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Today the Diocese of Naval covers a land area of 1,170 square kilometers, with a population of 218,708 of which 92 per cent are Catholics.  It consists of 3 vicariates, 13 parishes manned by 24 priests and 1 deacon under 1 bishop.

The programs and services implemented in the parishes of the diocese are in continuance of those of the Archdiocese of Palo.  These programs are geared toward the formation of Basic Ecclesial Communities, with the decrees and statutes of the Second Plenary Council of the Philippines as implementing guidelines.

The BEC's today number 13, one for each parish.  The diocese also has 9 religious sisters working in the area.  Among its 3 Catholic institutions is the Cathedral School of La Naval and a diocesan high school.

The Diocese of Naval is among the newest dioceses in the Philippines today.  It was created on November 29, 1988, sliced off the mother diocese of Palo in the province of Leyte.  It comprises the entire island of Biliran and four municipalities at the northwestern tip of the island of Leyte. It is a suffragan of the Archdiocese of Palo.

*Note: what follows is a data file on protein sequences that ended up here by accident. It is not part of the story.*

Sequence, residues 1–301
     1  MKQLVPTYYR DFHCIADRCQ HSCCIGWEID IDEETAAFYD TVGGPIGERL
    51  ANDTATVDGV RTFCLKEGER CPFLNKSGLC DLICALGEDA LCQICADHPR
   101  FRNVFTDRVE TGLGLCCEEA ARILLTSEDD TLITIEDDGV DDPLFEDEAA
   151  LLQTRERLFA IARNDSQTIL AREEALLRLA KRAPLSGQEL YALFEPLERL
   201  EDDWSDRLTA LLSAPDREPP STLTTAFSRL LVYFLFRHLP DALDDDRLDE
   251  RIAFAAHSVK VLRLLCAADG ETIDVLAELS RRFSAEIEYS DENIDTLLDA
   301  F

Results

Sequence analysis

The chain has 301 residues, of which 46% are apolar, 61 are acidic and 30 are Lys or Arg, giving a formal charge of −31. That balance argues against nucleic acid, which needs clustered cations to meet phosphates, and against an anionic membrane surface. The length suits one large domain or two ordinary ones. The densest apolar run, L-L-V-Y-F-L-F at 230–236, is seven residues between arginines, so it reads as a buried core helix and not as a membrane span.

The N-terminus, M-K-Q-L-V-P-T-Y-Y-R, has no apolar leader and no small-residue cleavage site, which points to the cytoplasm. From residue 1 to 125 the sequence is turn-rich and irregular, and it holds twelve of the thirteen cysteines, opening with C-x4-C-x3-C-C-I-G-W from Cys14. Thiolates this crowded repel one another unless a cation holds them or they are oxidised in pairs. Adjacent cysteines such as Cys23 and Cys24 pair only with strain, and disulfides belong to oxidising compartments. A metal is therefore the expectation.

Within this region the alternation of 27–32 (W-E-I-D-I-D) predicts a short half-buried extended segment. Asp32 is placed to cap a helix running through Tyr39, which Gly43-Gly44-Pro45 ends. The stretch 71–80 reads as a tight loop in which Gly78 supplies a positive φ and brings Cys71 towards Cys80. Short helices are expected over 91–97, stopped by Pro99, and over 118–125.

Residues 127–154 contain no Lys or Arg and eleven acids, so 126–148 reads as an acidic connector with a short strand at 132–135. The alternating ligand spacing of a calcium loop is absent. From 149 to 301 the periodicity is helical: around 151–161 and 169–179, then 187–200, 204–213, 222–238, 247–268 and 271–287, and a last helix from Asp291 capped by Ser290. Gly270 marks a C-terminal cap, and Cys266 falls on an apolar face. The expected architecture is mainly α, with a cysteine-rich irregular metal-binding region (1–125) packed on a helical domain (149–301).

The island of Biliran is a sub-province of Leyte, situated off its northwestern coast, bounded on the north and northeast by the Samar Sea, on the west by the Visayan Sea, and on the south by Casiguran Bay.  The island is characterized by rolling hills, and its town-parishes along the shorelines are forever bathed by the sapphire-blue waters of the surrounding seas.

In historical significance, the sub-province of Biliran shares much with the island province of Leyte and Samar:  the landing of the first Spanish expedition of Magellan in 1521; the early Christianization by the Augustinians and the Franciscans; and the landing of General Douglas MacArthur to fulfill his pledge to return to the Philippines.

Some of the parishes in Leyte, including those of Biliran, were founded almost two centuries ago.  That of the town of Leyte was established in 1800, Biliran in 1828, Naval itself in 1843.  These were all taken over by the diocesan clergy when the Spanish priests had to leave the country during the Philippine Revolution of 1896.

Ecclesiastically, Leyte was originally under the jurisdiction of Cebu until 1910.  From 1910 to 1937 it fell under the jurisdiction of the diocese of Calbayog (Samar).  In 1937 Leyte was separated into the new Diocese of Palo.  And in 1988, Naval was separated from the now Archdiocese of Palo, whose population had grown to over a million and a half.


Diocesan Curia



Educational Center



Diocese of Naval

His Excellency